December 17, 2020 – Newly released Strzok emails provide an innocent explanation for the Trump email domain disappearance

In Email/Dossier/Govt Corruption Investigations, Featured Timeline Entries by Katie Weddington

A graphic promoting the conspiracy theory is posted on April 3, 2017, by Tea Pain and titled “Trump Tower’s “Stealth Russian Data Machine.”

(…) Mr. Strzok‘s text messages were released on Thursday by Senate Finance Committee Chairman Charles E. Grassley, Iowa Republican, and Senate Homeland Security and Government Affairs Chairman Ron Johnson, Wisconsin Republican.

Mr. Strzok talked of more investigative steps needed before coming to a finding. By February, the FBI finished its Alfa probe and concluded that no such Alfa-Trump server connection existed, according to a December 2019 report by the Justice Department inspector general.

Computer scientists, one going by the name “Tea Leaves,” had posted their Alfa-Trump conspiracies online. But it was a story on Oct. 31, 2016, that propelled the story into the ongoing presidential election.

Hillary Clinton tweeted the Slate.Com assertion, as did her chief adviser, Jake Sullivan, the incoming national security adviser for president-elect Joseph R. Biden.

The story reported that after a New York Times reporter contacted Alfa in September, the “Trump domain name in question seemed to suddenly stop working.”

That coincides with Mr. Strzok‘s innocent explanation that same month: the FBI had informed Central Dynamics (Cendyn) that it still maintained the obsolete “” domain name and after the notification, the firm terminated it.

On the broader question of whether Alfa-Trump secretly communicated––a theory dismissed by the FBI––Alfa Bank has filed a lawsuit in Lancaster County, Pa., Court of Commons Pleas against “John Doe.”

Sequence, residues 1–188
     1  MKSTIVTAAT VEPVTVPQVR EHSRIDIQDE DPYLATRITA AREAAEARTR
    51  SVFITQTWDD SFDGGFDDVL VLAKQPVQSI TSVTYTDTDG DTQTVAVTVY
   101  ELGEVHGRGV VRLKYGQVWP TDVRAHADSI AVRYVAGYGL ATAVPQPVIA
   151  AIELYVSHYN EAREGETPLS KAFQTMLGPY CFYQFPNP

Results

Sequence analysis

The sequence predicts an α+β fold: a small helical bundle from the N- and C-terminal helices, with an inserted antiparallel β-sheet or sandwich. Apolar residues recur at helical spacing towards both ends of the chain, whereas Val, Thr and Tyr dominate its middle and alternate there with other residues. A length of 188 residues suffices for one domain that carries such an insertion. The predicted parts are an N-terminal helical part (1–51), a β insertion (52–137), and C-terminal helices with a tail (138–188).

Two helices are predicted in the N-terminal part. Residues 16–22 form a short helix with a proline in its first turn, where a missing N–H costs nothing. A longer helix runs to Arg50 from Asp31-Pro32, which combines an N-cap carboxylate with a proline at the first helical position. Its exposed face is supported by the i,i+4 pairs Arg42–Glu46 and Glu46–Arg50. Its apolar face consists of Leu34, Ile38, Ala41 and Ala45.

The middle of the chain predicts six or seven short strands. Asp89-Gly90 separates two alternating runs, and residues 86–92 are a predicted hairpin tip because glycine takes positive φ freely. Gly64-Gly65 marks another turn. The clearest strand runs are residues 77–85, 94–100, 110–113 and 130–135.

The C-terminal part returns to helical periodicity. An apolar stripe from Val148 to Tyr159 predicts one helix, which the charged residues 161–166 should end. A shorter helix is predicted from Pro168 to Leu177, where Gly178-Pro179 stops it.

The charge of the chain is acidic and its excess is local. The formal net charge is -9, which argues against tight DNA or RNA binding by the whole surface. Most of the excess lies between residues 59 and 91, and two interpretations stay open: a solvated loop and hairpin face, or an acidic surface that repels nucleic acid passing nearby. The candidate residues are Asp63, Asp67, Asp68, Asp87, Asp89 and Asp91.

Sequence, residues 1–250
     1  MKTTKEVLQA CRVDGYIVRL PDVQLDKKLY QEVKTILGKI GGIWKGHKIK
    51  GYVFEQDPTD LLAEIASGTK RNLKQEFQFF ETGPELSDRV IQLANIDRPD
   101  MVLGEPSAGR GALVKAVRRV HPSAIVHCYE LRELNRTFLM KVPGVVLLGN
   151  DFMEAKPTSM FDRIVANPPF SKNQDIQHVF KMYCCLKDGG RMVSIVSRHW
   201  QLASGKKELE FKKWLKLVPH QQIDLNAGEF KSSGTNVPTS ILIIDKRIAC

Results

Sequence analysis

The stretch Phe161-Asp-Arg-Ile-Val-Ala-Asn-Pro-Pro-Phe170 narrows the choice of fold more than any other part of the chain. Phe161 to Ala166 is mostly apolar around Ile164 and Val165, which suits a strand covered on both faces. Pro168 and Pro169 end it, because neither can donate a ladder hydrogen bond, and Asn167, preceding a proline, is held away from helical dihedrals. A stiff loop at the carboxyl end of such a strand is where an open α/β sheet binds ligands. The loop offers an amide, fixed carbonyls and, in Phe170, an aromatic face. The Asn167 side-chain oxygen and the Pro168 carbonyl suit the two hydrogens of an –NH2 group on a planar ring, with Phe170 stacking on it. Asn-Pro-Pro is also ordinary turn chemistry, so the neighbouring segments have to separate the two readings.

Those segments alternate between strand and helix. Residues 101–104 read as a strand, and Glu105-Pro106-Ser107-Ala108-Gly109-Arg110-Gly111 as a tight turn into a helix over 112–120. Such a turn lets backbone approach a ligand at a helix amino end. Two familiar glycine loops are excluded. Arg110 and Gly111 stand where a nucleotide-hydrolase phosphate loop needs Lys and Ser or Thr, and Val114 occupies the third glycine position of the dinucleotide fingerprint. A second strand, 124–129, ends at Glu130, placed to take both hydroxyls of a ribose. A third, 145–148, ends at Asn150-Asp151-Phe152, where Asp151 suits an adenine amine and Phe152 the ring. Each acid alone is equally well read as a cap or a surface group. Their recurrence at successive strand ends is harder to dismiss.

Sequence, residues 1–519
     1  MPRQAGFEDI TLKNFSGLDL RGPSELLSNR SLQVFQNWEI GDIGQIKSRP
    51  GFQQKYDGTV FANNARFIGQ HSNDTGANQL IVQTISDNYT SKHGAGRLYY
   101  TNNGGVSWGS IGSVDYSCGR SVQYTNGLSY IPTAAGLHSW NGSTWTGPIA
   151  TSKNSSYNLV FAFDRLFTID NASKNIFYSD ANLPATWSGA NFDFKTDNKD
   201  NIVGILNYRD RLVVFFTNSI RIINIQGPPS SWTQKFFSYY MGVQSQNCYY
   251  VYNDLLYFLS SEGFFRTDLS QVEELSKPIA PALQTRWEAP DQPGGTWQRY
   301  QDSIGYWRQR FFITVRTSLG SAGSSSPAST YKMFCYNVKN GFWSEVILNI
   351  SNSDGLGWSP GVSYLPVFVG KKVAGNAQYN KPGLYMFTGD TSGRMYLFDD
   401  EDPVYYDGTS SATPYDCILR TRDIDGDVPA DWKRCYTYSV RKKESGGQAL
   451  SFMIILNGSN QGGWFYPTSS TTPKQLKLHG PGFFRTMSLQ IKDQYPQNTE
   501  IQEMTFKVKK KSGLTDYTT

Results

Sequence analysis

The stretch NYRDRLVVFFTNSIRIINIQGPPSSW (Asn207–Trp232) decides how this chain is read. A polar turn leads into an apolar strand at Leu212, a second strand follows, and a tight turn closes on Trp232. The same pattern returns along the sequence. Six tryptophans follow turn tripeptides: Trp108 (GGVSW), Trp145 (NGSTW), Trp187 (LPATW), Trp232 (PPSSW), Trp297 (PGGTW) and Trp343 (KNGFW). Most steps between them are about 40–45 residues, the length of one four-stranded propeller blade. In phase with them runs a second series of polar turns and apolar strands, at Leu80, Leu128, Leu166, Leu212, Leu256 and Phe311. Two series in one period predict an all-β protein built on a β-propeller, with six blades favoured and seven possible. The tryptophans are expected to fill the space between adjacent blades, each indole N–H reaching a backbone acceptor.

In essence, the lawsuit says a hacker, or group of hackers, duped computer scientists and the news media.

The purpose is to try to find out who created phony DNS pings of supposed communication that never actually happened, the lawsuit says. Alfa lawyers have contacted computer scientists who endorsed and wrote about the conspiracy to see if they can lead them to the hackers.

Alfa’s assertions are based on the findings of three cybersecurity firms it hired.

“Alfa bank in fact engaged in no communications with the Trump Organization in 2016 or 2017 beyond the falsely generated and inauthentic DNS queries,” the court action says. “Indeed, Alfa bank has never had any business dealings with the Trump Organization.”

“Tea Leaves” findings were promoted during and after the election by Fusion GPS and its co-founder Glenn Simpson, who handled anti-dossier writer Christopher Steele. The dossier, financed by Democrats, stands today as discredited in its dozen or so felony allegations against President Trump and aides.” (Read more: Washington Times, 12/18/2020)  (Archive) (Strzok emails)